Treasures on land, in sea make inhabited Okinawan island of Iriomote a rare jewel

Barasu, just a few miles from Iriomote Island, is a shoal made entirely of coral fragments and appears only during the low tide.


By AYA ICHIHASHI | Stars and Stripes | Published: October 2, 2019

If anyone asks me to pick my favorite from the 15 inhabited islands that I’ve visited in Okinawa prefecture, there is no hesitation: Iriomote.

Iriomote Island is a 45-minute ferry ride from Ishigaki Island, which is a 50-minute flight from Naha, on the main island of Okinawa.

Ninety percent of Iriomote is covered with untamed evergreen and mangrove forests, mountains and rivers. I’ve visited there four times and every visit makes the island more special. There is so much to do there; I recommend at least a three-night stay to cover both land and sea.

This article will focus on the sea side of Iriomote.

Connections can be made from Ishigaki to two ports on Iriomote — Ohara and Uehara. These ports are the largest neighborhoods on Iriomote, but I prefer Uehara for its convenience, such as tours and restaurants. At the Ishigaki Port ticketing counter, I choose Uehara Port.

The familiar face of Captain Makoto Azuma met me as I disembarked from the ferry at Iriomote. He and his wife, Yuka, run a two-room lodge called Akorclor as well as snorkeling and fishing tours.

Captain Azuma’s favorite destination is a region on the island’s west side called Okuiriomote, a secluded area that includes the village of Funauki and the sites of former villages Amitori and Sakiyama.

The captain moved to Iriomote from Aichi to become a scuba instructor more than 20 years ago, so I trust he knows the best spots for a day trip.

I felt like I’ve come home when I dropped my luggage at the guest room at the Akorclor. Yuka welcomed me with a slice of fresh peach pineapple just harvested that morning from a local farm. Iriomote peach pineapple is, I think, the best pineapple on Earth, and I want everyone to try it.

A self-service pineapple stand near Nakano Beach — just a 5-minute walk from the lodge — sells frozen, ready-to-eat peach pineapple on a skewer for only 100 yen (less than $1). I usually buy four or five skewers for breakfast and a fast snack. I also buy whole pineapples to take home with me.

I grabbed my snorkeling gear and, with the captain, drove to a small port where he anchored his boat. I hopped aboard and we were ready to go.

Our first stop, Amitori, is the place to find many blue tangs (like Dory from “Finding Nemo”) and bright red sea goldies. Captain Azuma also knows where to find some of the fish I love the most, humphead wrasses and whitetip reef sharks.

At our next stops — Funauki and Sakiyama — Yuka and I went snorkeling together all afternoon. Relaxing afterward on the boat on a hot and beautiful ocean day, eating an onigiri rice ball for a quick refuel, surrounded by beautiful evergreen mountains, I could not ask for more.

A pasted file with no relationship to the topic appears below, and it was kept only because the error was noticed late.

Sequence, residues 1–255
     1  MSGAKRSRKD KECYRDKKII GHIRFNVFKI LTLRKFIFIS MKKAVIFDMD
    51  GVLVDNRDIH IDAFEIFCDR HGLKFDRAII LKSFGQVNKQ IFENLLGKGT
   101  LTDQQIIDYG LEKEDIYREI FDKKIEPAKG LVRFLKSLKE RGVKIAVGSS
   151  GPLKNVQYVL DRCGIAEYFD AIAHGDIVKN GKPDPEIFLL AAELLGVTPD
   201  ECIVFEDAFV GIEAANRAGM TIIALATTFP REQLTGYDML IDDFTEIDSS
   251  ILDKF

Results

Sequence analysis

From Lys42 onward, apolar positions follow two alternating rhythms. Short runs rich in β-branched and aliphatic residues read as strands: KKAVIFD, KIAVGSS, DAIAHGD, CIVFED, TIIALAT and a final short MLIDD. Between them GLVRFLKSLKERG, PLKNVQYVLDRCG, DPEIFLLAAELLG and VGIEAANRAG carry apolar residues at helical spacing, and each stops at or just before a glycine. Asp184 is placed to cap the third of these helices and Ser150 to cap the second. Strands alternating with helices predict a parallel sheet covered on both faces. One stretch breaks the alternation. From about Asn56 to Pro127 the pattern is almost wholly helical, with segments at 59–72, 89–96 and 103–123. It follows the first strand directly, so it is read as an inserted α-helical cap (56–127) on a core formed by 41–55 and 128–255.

The next day, I took Ray Reef’s snorkel tour focusing on Barasu and Hatoma islands, which are a little less than 3 miles from Iriomote. Barasu is a shoal made entirely of coral fragments and appears only during the low tide.

When the wave rolls onto Barasu’s surface, you can hear coral fragments make clinking sounds that are soothing to hear in the water. The water is crystal clear around Barasu, which is surrounded by seemingly endless branch coral beds.

I saw seven hawksbill sea turtles there, and let me tell you — a hawksbill turtle is a rare sight, especially compared to the most common of the species, the green sea turtle. I’ve seen hundreds of turtles by now, and I think the ratio is about 60 green turtles to 1 hawksbill. Can you imagine how excited I was to see seven hawksbills in one day?

Captain Manabu Kawamitsu anchored the boat near Hatoma Island to prep taco rice for lunch. It was delicious, and afterward we strolled the island neighborhood to digest our lunch.

Hatoma is very quiet, and only about 50 residents live on the island. Captain Manabu took us past a few more beautiful reefs of table coral, and every point was breathtaking and amazing.

If you don’t visit Iriomote, you are missing out on some of the best that nature has to offer.

Twitter: @AyaIchihashi


DIRECTIONS: A flight from Naha to Ishigaki is about 50 minutes; from Ishigaki port, a ferry ride to Uehara or Iriomote takes about 45 minutes.

TIMES: The island is accessible all year round.

COSTS: Tickets to Ishigaki from Naha can be about $60 one way with early purchase discount. The ferry from Ishigaki to Uehara port is 4,510 yen (about $43) for an adult’s round trip, and 2,260 yen ($20) for children 6-11.

FOOD: Must-tries include Iriomote’s locally grown frozen pineapple from a self-service stand, Yaeyama soba from several restaurants. Reservations are recommended.

INFORMATION: Online: painusima.com/english
Note: Bring lots of yen since most of the tour companies, restaurants, grocery stores and lodges are cash only. An all-day snorkel tour is about $120 or more depending on the types of activities you pick.

Amitori is the place to find many blue tangs and bright red sea goldies.

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